Estate Planning Resources

5 Basic Types of Trusts

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A trust is the arrangement of a third party (trustee) to hold specific principal (assets, property, and finances) left by a grantor for a designated beneficiary. Knowing the basics of trusts is essential for future estate planning, especially after death.

When, where, and with whom are the three main questions forming a trust answers.

When Are Trusts Used

Trusts are often used to:

  • Limit spending by specifying how money can be withdrawn and used
  • Set aside funds for a specific purpose (such as college tuition, mortgage, or medical bills)
  • Protect finances for children and grandchildren until they are financially responsible or reach the age of majority
  • Transfer assets between various parties
  • Provide charitable donations and funding

A trust becomes obsolete when the assets are paid in full to the beneficiary. It also ends whenever the trust specifies, such as when the beneficiary turns 21, finishes school, etc.

Who Can Be a Trust Beneficiary

Anyone can be made a beneficiary of a trust by the grantor. Often included are spouses, children, grandchildren, and other relatives. A trust can also be used to make donations to charitable organization. In certain situations, the grantor may name themselves a beneficiary.

Trusts for Your Financial Well-Being

Before placing all of your estate into a trust, decide on which type best fits you, the beneficiary, and the assets themselves.

There are 5 basic types of trusts:

  1. Revocable – A revocable trust, also known as a living trust, can be altered anytime while you’re still living. Taxes are still attached to this trust, but it’s far more flexible compared to an irrevocable trust.
  2. Irrevocable – An irrevocable trust passes out of taxes and probate; however, it cannot be changed after the passing. You, the grantor, lose control of our own trust, even before your death.
  3. Testamentary – This type of trust is summarized in your will, and officially carried out after death. The assets are unfortunately subject to probate and taxes, slowing down the distribution process.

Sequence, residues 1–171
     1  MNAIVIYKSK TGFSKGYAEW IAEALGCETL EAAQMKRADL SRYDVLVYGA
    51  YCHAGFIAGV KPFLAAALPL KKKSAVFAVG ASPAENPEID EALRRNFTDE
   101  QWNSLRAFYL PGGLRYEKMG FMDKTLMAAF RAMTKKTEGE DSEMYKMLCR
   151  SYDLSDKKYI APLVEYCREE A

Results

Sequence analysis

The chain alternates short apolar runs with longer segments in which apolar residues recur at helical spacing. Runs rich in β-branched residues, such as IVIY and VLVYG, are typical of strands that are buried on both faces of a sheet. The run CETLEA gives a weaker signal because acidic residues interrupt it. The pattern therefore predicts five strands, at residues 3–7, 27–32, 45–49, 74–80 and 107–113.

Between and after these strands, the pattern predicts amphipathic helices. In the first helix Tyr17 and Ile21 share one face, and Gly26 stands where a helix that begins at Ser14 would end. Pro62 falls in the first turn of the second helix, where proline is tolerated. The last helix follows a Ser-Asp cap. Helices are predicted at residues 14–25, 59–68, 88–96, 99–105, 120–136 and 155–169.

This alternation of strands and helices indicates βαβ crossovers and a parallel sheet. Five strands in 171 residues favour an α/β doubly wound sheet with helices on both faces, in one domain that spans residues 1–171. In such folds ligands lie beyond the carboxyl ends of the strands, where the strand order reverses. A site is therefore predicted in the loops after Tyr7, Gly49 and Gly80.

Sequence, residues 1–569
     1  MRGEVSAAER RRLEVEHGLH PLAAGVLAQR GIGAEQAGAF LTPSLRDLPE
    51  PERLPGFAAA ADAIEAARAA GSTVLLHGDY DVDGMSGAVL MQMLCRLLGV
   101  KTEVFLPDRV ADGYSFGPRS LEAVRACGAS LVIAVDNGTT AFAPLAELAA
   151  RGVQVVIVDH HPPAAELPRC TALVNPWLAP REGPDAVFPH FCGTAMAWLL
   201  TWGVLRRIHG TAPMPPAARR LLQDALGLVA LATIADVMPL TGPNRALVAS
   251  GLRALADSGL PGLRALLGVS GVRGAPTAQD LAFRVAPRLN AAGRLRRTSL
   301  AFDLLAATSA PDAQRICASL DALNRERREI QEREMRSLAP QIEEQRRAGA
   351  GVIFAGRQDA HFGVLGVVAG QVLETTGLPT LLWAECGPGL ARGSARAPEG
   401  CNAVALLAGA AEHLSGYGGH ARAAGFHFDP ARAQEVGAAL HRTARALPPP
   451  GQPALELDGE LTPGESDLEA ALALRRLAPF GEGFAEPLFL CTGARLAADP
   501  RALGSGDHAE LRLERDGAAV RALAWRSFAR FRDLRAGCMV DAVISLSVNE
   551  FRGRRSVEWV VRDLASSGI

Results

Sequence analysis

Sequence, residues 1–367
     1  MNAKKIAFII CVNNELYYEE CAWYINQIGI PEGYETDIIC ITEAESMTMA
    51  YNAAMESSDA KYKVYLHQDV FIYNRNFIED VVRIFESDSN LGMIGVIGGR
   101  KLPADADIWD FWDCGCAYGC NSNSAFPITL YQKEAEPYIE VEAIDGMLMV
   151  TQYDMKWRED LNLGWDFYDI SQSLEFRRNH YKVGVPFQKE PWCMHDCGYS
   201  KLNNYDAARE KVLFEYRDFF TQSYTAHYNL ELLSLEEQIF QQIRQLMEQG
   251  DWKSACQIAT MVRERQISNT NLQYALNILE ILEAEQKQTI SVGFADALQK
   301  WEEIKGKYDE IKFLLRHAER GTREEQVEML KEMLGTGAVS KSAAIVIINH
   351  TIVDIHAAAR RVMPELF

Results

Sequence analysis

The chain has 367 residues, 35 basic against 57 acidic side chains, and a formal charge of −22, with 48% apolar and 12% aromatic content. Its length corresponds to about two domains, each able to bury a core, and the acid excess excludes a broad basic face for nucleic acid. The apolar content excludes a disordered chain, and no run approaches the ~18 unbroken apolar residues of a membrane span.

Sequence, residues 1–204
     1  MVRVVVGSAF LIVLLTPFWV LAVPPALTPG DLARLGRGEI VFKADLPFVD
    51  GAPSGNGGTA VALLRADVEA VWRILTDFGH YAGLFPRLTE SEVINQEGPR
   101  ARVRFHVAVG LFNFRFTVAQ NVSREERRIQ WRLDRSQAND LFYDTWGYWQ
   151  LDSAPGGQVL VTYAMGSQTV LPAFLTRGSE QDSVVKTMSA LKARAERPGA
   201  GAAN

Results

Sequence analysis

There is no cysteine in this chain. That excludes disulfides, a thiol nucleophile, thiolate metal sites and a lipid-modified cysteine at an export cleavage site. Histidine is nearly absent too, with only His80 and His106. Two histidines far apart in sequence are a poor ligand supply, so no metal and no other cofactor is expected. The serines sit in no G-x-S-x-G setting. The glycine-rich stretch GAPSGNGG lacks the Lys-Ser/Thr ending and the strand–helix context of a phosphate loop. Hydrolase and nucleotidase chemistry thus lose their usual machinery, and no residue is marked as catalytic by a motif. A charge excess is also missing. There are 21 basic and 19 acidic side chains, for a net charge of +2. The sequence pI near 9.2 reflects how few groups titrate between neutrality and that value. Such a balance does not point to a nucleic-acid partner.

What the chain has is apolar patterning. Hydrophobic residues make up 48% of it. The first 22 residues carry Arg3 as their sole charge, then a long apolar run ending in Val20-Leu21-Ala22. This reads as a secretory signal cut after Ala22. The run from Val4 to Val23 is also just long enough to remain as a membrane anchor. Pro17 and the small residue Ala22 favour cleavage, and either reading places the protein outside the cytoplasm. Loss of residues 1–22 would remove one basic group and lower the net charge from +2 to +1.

4. Marital – A marital trust centrally focuses on benefiting the surviving spouse; however, the trust is still included in the taxation of the spouse’s estate.
  5. Bypass – The trust is exempt from federal estate taxes, passing the surviving spouse’s estate in order to do so.

Consult one of our knowledgeable attorneys at Angermeier and Rogers for extra guidance to ensure you know all trust options before moving forward. Being financially prepared is your best defense against the unknown.

Trustworthy Benefits You Can Bank On

A trust reaps several benefits for the grantor, as well as the beneficiary. Controlling where your assets end up after death is your business and should be done your way. Take advantages of what a trust has to offer, including:

  • Gives grantor absolute control of asset distribution
  • Saves money on court fees and estate taxes
  • Quicker distribution of assets to beneficiary
  • Avoids probate
  • Can be created in several different ways

Attorneys with a Muscle for Trust Planning

Milwaukee’s Angermeier and Rogers focuses solely on your family, future, and financial security. We care about our clients, treating them as actual people with unique challenges and different views for the future.

Our estate planning lawyers walk you through the process of setting up a trust and personalizes our services for your needs. Visit one of our offices in Cedarburg, Milwaukee, or Brookfield for more information about trust administration, retirement planning, and Medicaid.

Contact our family trust attorneys at Angermeier and Rogers today.